Vacation Homes and Taxation

Summer is in full swing and PK Law thought it an appropriate time to discuss the tax implications of owning a vacation home.  The general benefits of such ownership are obvious:  a cheaper family vacation over the short term; appreciation in value of the home; and securing rental income.

Income taxation of a vacation home is something akin to a seesaw:

Too much personal use and the rules of Internal Revenue Code (“IRC”) §280A limit deductions for the rental income without affecting deductions for the property’s personal use portion.

If the property is treated as rental property, then the owner’s rent-related deductions will be restricted by the passive activity loss rules, not the vacation home rules, and deductions for the personal use portion will be adversely affected.

Is the Vacation Home a Residence?

Yes, if the home’s personal use exceeds the greater of 14 days or 10% of the days the property is rented to others during the year at a fair rental. The personal and rental portions must be treated separately.

Rental Income and Expenses.  Income from vacation home rental may be offset with deductions for the rent-related portions of expenses such as utilities, maintenance, upkeep, mortgage interest, real estate taxes and insurance. The owner also may claim a depreciation deduction. Deductions cannot exceed rental income less certain other deductions related to the rental activity itself (e.g. advertising and broker’s commissions) and deductions such as mortgage interest and real estate taxes which are deductible regardless of the rental.  To the extent rental deductions exceed income, the “excess expenses” may be carried forward for use in future years.

Personal portion.  Real estate taxes and mortgage interest allocable to personal use of the home, as defined above, may be deducted based upon the home being a “qualified residence” subject to the rules on those deductions.


Expenses are allocated between personal and rental use.  The IRS and United States Tax Court have differing views on the method to be used in allocating expenses and whether some expenses must be allocated between personal and rental use.

Limited Rental Use. Vacation home rental for less than 15 days during the year need not be reported, but rental home deductions may not be claimed.  This may advantageous in the rental of a home for a high-demand event venue such as the Super Bowl.

A Tax credit may be available for residential energy efficient property installed in vacation home used as residence.

Is the Vacation Home a Rental Property?

Yes, if the annual personal use of the property doesn’t exceed the greater of 14 days or 10% of the days the property is rented out during the year at a fair rental.  The owner’s deductions are restricted by the IRC §469 passive loss rules, not by the vacation home rules.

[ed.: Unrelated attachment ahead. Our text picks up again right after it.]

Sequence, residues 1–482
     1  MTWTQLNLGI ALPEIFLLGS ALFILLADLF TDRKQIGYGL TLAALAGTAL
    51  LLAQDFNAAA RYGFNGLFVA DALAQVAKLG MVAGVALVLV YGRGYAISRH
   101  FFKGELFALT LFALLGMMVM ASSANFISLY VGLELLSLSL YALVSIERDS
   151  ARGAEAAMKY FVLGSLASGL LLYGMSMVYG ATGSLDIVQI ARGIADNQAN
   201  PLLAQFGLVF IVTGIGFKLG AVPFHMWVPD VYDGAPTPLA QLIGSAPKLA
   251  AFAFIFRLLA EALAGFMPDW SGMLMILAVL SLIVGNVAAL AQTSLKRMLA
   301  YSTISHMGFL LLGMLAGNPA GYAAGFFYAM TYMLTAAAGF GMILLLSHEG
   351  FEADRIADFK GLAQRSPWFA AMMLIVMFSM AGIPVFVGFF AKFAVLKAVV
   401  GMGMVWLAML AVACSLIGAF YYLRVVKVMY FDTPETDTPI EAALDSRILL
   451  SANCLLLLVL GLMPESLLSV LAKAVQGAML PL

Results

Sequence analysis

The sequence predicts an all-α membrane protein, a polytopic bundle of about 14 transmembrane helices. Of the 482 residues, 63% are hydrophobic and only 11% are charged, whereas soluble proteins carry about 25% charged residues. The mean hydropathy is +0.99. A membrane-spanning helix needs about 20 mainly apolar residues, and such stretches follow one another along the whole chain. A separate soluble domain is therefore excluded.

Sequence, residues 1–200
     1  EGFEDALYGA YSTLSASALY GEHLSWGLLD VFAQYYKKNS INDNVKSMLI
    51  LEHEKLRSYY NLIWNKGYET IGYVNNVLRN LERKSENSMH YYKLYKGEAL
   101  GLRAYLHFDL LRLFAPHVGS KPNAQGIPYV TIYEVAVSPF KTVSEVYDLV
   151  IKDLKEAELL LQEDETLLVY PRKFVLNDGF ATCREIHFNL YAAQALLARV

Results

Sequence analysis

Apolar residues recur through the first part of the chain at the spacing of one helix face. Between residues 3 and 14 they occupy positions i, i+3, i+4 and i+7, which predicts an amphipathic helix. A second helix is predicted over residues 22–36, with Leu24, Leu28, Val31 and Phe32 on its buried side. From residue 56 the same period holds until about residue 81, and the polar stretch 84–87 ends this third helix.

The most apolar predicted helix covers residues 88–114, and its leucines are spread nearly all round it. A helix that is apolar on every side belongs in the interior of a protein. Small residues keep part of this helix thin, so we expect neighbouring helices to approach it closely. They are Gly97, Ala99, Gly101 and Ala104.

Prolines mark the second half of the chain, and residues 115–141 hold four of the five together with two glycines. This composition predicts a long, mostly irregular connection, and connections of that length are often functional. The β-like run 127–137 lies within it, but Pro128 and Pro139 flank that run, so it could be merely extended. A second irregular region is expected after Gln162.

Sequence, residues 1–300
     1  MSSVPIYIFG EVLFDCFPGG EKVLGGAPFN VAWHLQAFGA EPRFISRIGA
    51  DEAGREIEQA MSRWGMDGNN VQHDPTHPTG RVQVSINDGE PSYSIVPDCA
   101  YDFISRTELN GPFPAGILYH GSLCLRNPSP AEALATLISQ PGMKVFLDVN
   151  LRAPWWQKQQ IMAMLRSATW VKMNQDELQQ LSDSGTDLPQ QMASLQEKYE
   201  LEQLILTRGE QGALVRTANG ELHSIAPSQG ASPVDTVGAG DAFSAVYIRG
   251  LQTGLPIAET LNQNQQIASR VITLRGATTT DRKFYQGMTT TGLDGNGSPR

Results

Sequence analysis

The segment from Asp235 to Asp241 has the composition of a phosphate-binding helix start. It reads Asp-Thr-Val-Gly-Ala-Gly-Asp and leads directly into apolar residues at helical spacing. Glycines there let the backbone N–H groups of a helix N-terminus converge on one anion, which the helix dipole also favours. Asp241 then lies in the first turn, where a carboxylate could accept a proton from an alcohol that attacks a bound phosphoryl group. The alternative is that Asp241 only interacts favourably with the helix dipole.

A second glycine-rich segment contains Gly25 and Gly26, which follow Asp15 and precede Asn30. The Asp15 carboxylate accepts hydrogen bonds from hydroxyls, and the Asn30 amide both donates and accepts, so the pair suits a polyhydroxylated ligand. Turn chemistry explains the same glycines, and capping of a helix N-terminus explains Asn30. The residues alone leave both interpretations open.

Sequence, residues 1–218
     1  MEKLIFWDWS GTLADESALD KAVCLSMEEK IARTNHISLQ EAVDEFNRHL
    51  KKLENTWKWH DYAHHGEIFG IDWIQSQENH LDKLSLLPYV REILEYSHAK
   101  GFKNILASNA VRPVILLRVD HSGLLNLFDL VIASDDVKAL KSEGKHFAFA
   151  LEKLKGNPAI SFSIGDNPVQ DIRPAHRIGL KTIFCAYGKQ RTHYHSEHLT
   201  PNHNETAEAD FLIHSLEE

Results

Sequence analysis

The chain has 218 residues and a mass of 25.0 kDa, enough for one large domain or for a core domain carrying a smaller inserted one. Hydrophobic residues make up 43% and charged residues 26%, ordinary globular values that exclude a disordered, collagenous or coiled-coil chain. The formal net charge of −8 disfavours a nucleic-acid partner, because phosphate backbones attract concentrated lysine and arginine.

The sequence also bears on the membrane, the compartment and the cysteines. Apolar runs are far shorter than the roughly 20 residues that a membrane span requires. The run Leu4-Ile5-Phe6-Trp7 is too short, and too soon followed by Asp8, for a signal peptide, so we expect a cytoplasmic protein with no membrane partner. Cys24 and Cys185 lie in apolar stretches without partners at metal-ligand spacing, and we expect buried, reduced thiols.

Rental portion. When a vacation home is treated as rental property, its income and deductions generally are automatically treated as passive in nature, subject to certain exceptions. If so, the “passive activity” rules of IRC §469 are applied to the rental income.  (Bearing in mind the difference between the use of the term “active participation” in the rental activity and “material participation”, the latter of which often comes to mind in discussing passive activity income.)

Personal portion. The owner may take an itemized deduction for the real estate taxes allocable to personal use of the vacation home. However, if personal use does not exceed the greater of 14 days or 10% of the time the unit is rented out, the home is not treated as a qualified residence and any interest paid on a mortgage secured by the vacation home, and allocable to personal use, will be treated as nondeductible personal interest.

Tax-Free Sale of Vacation Home

An owner may sell a residence and move into what had been a vacation home.  Both homes may be subject to the “home sale exclusion” rules if certain requirements are met and subject to certain limitations.

Tax-Deferred Exchange of a Vacation Home

Under IRC §1031, no gain or loss is recognized on the exchange of property held for productive use in a trade or business or for investment if the property is exchanged solely for property of like kind that is to be held either for productive use in a trade or business or for investment.

It’s well settled that personal residences can’t be exchanged tax-free under IRC §1031 because they aren’t held for productive use in a trade or business or for investment. However, Rev. Proc. 2008-16, states that the IRS won’t challenge on personal use grounds whether a dwelling unit is relinquished or replacement property under the IRC §1031 rule requiring such property to be held for productive use in a trade or business or for investment if certain requirements are met.

Taxpayers also should be aware that if they acquire a home in a IRC §1031 exchange in which any gain wasn’t recognized, the IRC §121 exclusion does not apply to the sale of the home by the taxpayer (or by any person whose basis in the property is determined, in whole or in part, by reference to the basis in the hands of the taxpayer) for the 5-year period beginning with the date of acquisition.

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This information is provided for general information only.  None of the information provided herein should be construed as providing legal advice or a separate attorney client relationship. Applicability of the legal principles discussed may differ substantially in individual situations. You should not act upon the information presented herein without consulting an attorney of your choice about your particular situation. While PK Law has taken reasonable efforts to insure the accuracy of this material, the accuracy cannot be guaranteed and PK Law makes no warranties or representations as to its accuracy.